My oldest child is a swimmer, and as a parent, we need to commit to a certain amount of volunteer hours per year. To earn some volunteer hours, I offered to serve a the swim meet announcer last weekend, even though I’d never done it before.
I don’t really know much about organized swimming. I’m honestly scared of the water and organized swimming is an entire sub-culture that I don’t quite understand. I have recently learned how to time my cheering for when the swimmer’s head bobs out of the water during the breast stroke. So, when it came to getting on the PA system to make announcements to help ensure the swimmers knew when to get behind the starting blocks, I was a bit of a fish out of water.
Job Aid #1: A Script
Swim meets are busy events with all sorts of people doing all sorts of things, and the meet organizers certainly didn’t have any time to train me on what to do. They did, however, give me this script to serve as a job aid:
The script was handy, it gave me the words to say and some stage directions. But I wasn’t quite sure what “After first whistle” meant in order to announce the race. There seemed to be a lot of whistles blowing, and I didn’t want to screw up and make a mis-timed announcement.
What would happen if I tried blurting out an announcement and the referee was already in the process of starting the next race? What would happen if I caused some swimmer to false start and get disqualified? What would happen if that swimmer would have otherwise swam the race of their life and would have qualified for the championship meet if it weren’t for my errant announcement?
So I skipped that step and waited until each race was in the water and simply announced the next races. It was very clear to me when the race was actually in the water.
At the end of the meet, it didn’t quite feel like I had done the announcing in the right way, but the meet organizer thanked me and said “nice job” and that was it.
Job Aid #2: A Flow Chart
Of course, swim meets generally last the entire weekend, and I was signed up to do some more announcing on Sunday. When I returned to the announcer table in the aquatic center, I noticed a new job aid:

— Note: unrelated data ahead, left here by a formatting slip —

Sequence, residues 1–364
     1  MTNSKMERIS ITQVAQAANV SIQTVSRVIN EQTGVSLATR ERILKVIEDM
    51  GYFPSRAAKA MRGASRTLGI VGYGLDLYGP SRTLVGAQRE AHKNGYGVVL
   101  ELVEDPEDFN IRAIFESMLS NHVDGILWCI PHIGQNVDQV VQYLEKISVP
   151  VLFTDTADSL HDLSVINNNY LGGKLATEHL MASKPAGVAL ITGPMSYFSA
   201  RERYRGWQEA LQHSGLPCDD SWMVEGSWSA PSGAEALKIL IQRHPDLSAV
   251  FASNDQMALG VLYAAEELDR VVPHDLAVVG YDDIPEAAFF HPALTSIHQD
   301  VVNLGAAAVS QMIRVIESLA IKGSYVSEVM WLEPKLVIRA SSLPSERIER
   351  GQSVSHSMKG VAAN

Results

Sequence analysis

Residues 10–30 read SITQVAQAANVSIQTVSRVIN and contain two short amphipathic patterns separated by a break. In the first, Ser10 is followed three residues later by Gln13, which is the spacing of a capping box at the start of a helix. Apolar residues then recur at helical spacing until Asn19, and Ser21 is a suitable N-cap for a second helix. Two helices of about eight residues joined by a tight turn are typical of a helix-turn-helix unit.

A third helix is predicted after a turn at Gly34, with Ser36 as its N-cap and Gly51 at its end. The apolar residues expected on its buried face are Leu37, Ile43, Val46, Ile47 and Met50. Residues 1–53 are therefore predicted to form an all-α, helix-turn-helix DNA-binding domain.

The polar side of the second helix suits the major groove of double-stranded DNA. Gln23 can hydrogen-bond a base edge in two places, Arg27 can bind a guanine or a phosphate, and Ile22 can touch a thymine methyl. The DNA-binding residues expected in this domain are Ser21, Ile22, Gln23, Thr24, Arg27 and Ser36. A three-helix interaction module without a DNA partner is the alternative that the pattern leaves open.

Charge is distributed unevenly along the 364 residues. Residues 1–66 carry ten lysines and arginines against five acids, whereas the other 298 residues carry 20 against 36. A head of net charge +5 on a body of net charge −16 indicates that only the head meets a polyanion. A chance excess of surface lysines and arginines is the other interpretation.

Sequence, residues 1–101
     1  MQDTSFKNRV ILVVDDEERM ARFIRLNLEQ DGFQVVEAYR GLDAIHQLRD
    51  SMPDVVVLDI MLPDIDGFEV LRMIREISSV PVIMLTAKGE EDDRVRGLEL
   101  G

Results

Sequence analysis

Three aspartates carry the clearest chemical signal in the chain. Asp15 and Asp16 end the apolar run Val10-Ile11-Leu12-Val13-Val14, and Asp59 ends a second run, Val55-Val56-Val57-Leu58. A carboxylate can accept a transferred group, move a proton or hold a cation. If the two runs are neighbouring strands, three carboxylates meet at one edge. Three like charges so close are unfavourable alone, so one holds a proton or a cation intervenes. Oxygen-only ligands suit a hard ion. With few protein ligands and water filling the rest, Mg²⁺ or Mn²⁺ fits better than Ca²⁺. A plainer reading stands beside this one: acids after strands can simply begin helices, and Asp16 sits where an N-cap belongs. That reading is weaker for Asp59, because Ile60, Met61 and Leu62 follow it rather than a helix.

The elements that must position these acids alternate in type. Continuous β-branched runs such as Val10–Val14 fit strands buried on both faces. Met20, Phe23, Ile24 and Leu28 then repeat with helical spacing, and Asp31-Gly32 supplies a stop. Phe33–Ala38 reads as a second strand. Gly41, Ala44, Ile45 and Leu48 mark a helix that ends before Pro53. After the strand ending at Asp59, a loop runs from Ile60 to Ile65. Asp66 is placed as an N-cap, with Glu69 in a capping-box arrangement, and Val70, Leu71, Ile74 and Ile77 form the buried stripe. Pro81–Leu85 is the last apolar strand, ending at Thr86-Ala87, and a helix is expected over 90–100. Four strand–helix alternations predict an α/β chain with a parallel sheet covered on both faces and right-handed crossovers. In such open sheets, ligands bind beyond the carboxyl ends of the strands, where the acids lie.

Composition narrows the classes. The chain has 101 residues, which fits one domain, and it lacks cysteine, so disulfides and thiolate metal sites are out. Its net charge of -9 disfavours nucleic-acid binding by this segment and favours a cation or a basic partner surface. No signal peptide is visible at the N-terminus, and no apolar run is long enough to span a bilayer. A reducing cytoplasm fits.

This was the job aid I needed!
It offered a much clearer picture for the sequence of announcements. I knew exactly what it was talking about when it said there was a sequence of three to five whistle blasts. The arrow following this instruction directed me to what I should say, and when I should say it. Suddenly, everything was so much more clear to me!
So I announced with gusto. But then…
Sometimes Coaching Improves the Effectiveness of Job Aids
After the first event, I was asked to announce a 5-minute break prior to the next event so that swimmers in back-to-back events had some recovery time. During the break, the meet referee came to my table and observed: “I notice that you’re announcing the event and the heat, but you’re not asking swimmers to take their place behind the blocks. Can you please do that? That will help them know where to be, and when.”
This was the kind of performance feedback that a job aid couldn’t give me. When I left the meet and was told that I did a nice job, I believed it this time!
- Job Aids are sometimes sufficient. In the spirit of the podcast interview I recently shared in which Jeni Johnson reminded us all that sometimes all we need are resources, not courses, there was no need for any sort of actual, formal training to learn how to be a swim meet announcer.
- As long as they’re well-designed. The first aid I used, a script, was good, but it didn’t help me fully carry out my announcer duties. The second job aid, which was a cross between a script and a flow chart, was much more effective.
- Observation and feedback are also pretty important. Of course, if the job truly needs to be done properly, following a process, and if there are some real-world consequences, then observation and feedback from a more experienced person can be invaluable.